When my rugby coach told our team that our quarterfinal game in the national championship tournament was scheduled for a Sunday, all I could think was, “Why now?”
My team, the 2010 Brigham Young University women’s rugby team, had been preparing for the championship all season. We were looking forward to playing the team that had defeated us in the tournament the year before. I was confident we could win—we had some of the best players in the nation. We wanted to prove ourselves to the rugby world by winning a national championship, but it turned out that Heavenly Father had a different path for us.
Tournament officials had assured us that our games would be scheduled on Friday and Saturday, but because of a mistake, the games were instead set for Saturday and Sunday. We did not find out about the mistake until five days before the tournament, which was being held in Sanford, Florida, USA. Since women’s rugby was not an official BYU team at the time, the decision of whether to play or not was ours to make. We chose not to. It was a unanimous decision, and no one complained.
Playing on Sunday was not even an option. For me, it never had been. My parents taught me to keep the Sabbath day holy, and I honored that commandment my whole life. Obeying Heavenly Father’s commandments was more important than a rugby game.
But knowing that we were doing the right thing did not make it any easier. We were disheartened as we flew to Florida knowing that whether we won or lost, Saturday would be our last game.
After arriving in Florida, we received a call from a New York Times reporter who wanted to cover our story. We were stunned. We never expected anyone to care about our choice to honor the Sabbath, much less a national newspaper.
On Friday, at the time we would have been playing if the scheduling mistake hadn’t happened, we went to the Orlando Florida Temple to do baptisms for the dead. After we performed the ordinances, the temple president spoke to us. He pulled out an article that had been written about us and read some of the comments readers had posted online supporting our decision.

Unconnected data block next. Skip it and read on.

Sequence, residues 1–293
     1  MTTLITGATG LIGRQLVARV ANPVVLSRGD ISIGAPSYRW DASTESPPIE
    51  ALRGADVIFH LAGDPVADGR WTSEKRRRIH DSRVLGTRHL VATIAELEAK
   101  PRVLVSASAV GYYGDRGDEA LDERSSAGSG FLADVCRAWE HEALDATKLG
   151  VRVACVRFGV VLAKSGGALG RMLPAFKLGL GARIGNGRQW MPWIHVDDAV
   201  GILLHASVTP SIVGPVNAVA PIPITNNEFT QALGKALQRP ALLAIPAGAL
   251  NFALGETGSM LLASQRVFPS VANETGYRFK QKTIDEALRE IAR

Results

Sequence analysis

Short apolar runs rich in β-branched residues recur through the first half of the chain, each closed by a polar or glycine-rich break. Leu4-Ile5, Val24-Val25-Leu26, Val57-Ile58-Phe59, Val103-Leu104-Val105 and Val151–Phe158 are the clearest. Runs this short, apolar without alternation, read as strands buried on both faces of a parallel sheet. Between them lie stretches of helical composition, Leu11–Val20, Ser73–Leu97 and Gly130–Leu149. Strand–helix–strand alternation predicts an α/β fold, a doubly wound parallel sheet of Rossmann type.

Later our coach read us more comments he had received. Latter-day Saints and others thanked us for our example and told us that it was refreshing to see people sticking to their standards. Their words lifted our spirits. That is when we began to realize the impact that we could have even without becoming national champions.
I knew that Heavenly Father was aware of us, but I never thought anyone else was watching. The response to our decision gave us a new purpose for being in Florida: we weren’t there to win, but to stick up for our standards.
Saturday came, and we won our game 46 to 7. Afterward we walked up to the officials and told them we forfeited the game we were scheduled to play on Sunday—which happened to be against the team that defeated us the year before. I was disappointed that our season ended this way. I wish we could have played this team, but I don’t wish we played them, or anyone, on the Sabbath.
Dozens of articles were written about us, and we continued to get supportive letters and emails. By sticking up for our standards, we reached more people than we ever could have if we had won the championship.
I have learned to trust Heavenly Father to lead me to a better path than I have in mind for myself. My team wanted to prove ourselves by becoming champions, but now I realize that Heavenly Father wanted us to make a different point entirely. He led us to the opportunity to be examples when we thought no one was watching, and He was able to use us for good because we chose to obey.